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People vs Lol-lo and Maraw

43 Phil 19

Facts: On or about 30 June 1920: Two boats left Matuta, a Dutch possession, for Peta, another Dutch
possession. Boat 1 had one Dutch subject while Boat 2 had 11 men, women and children, likewise from
Holland. After several days, at 7pm, Boat 2 arrived in Buang and Bukid in the Dutch East Indies. Here,
the boat was surrounded by 6 vintas, manned by 24 armed Moros.The Moros first asked for food, but
once in the boat, took all the cargo, attacked some of the men, and brutally violated 2 of the women. The
Moros took the 2 women with them, placed holes in the ship to let it sink, and left the people there. After
11 days, the Moros arrived at Maruro, a Dutch possession.The two Moro marauders were identified as
Lol-lo, as the one who raped one of the women, and Saraw.While in Maruro, the two women were able to
escape.One day, Lol-lo and Saraw went home to South Ubian, Tawi-Tawi, Sulu. Here, they were arrested
and charged with piracy at the CFI. The Moros interposed a demurrer, saying that the charge was not
within the jurisdiction of the CFI, nor of any court in the Philippines. They were saying that the facts did
not constitute a public offense under Philippine laws.
The demurrer was overruled, and Lol-lo and Saraw were found guilty, and were both sentenced to life
imprisonment, together with Kinawalang and Maulanis, two other defendants in another case. In addition
to imprisonment, they were ordered to return the 39 sacks of copra they robbed, or to indemnify the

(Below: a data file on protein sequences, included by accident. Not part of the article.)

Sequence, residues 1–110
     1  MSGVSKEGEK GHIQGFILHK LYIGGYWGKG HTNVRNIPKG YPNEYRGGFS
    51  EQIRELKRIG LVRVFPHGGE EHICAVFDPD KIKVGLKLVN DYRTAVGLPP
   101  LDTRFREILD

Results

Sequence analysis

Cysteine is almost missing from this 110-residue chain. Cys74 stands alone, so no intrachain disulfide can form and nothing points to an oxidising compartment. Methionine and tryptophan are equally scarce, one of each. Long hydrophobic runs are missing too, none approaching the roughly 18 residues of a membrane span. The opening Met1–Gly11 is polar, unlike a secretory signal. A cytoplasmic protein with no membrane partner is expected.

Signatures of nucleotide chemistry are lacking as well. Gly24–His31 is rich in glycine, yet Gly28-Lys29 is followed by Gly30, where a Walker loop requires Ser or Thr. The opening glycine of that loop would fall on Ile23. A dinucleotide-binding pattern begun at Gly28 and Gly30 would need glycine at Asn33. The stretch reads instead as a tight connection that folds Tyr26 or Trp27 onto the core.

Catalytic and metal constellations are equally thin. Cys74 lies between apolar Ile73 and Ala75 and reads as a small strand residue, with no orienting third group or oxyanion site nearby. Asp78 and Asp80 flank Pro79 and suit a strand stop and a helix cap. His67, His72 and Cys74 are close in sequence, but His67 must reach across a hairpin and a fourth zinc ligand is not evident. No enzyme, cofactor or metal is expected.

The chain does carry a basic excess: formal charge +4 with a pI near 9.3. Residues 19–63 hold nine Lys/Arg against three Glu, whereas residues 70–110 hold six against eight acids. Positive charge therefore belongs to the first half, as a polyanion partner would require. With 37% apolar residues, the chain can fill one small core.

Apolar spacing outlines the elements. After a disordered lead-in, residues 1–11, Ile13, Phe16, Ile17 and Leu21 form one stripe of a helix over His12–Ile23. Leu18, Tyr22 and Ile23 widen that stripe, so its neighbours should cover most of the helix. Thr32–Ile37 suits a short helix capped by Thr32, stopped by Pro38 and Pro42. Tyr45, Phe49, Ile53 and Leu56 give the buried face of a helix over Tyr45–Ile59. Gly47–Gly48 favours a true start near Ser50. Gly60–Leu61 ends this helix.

offended parties 924 rupees, and to pay one-half of the costs.

Issue: Did the CFI in the Philippines have jurisdiction over Lol-lo and Saraw?

Held : YES. First of all, the facts can’t be disputed. All the elements of the crime of piracy were there.
Piracy is robbery or forcible depredation on the high seas, without lawful authority and done animo
furandi, and in the spirit and intention of universal hostility. The CFI has jurisdiction because pirates are
in law hostes humani generis. Piracy is a crime against all mankind, therefore, it can be punished in any
competent tribunal of any country where the offender may be found. The jurisdiction of piracy has no
territorial limits. The crime is against all mankind, so it is also punished by all. It doesn’t matter that the
crime was committed within the jurisdictional 3-mile limit of a foreign state. Those limits, though neutral
to war, are not neutral to crimes. Art. 153 of the Penal Code refers to the crime of piracy “committed
against Spaniards, or subjects of another nation not war with Spain shall be punished with a penalty
ranging from cadena temporal to cadena perpetua. If the crime is against nonbelligerent subjects of
another nation at war with Spain, it shell be punished with the penalty of presidio mayor.”

Since Spain already ceded the Philippines to the US, the rule is that “the political law of the former
sovereignty is necessarily changed. But corollary to this rule, laws subsisting at the time of transfer,
designed to secure good order and peace in the community, which are strictly of a municipal character,
continue until by direct action of the new government they are altered or repealed.
The instructions of President McKniley on May 19, 1989 to General Wesley Merrit, Commanding